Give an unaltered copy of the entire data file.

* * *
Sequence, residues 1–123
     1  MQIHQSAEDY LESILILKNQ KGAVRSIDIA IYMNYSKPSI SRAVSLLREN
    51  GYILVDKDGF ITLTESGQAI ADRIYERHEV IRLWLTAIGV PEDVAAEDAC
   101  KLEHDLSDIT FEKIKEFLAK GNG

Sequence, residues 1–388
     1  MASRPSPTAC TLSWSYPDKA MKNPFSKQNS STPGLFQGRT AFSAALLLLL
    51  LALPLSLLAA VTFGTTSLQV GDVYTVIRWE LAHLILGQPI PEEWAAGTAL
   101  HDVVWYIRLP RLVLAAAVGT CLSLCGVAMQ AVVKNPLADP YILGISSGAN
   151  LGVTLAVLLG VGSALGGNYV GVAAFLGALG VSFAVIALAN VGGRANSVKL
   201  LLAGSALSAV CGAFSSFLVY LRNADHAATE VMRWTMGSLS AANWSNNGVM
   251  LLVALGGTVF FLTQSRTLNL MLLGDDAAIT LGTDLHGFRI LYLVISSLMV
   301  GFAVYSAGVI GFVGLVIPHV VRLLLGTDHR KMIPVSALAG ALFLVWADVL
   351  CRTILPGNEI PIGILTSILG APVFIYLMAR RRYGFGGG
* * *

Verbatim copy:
Sequence, residues 1–123
     1  MQIHQSAEDY LESILILKNQ KGAVRSIDIA IYMNYSKPSI SRAVSLLREN
    51  GYILVDKDGF ITLTESGQAI ADRIYERHEV IRLWLTAIGV PEDVAAEDAC
   101  KLEHDLSDIT FEKIKEFLAK GNG

Sequence, residues 1–388
     1  MASRPSPTAC TLSWSYPDKA MKNPFSKQNS STPGLFQGRT AFSAALLLLL
    51  LALPLSLLAA VTFGTTSLQV GDVYTVIRWE LAHLILGQPI PEEWAAGTAL
   101  HDVVWYIRLP RLVLAAAVGT CLSLCGVAMQ AVVKNPLADP YILGISSGAN
   151  LGVTLAVLLG VGSALGGNYV GVAAFLGALG VSFAVIALAN VGGRANSVKL
   201  LLAGSALSAV CGAFSSFLVY LRNADHAATE VMRWTMGSLS AANWSNNGVM
   251  LLVALGGTVF FLTQSRTLNL MLLGDDAAIT LGTDLHGFRI LYLVISSLMV
   301  GFAVYSAGVI GFVGLVIPHV VRLLLGTDHR KMIPVSALAG ALFLVWADVL
   351  CRTILPGNEI PIGILTSILG APVFIYLMAR RRYGFGGG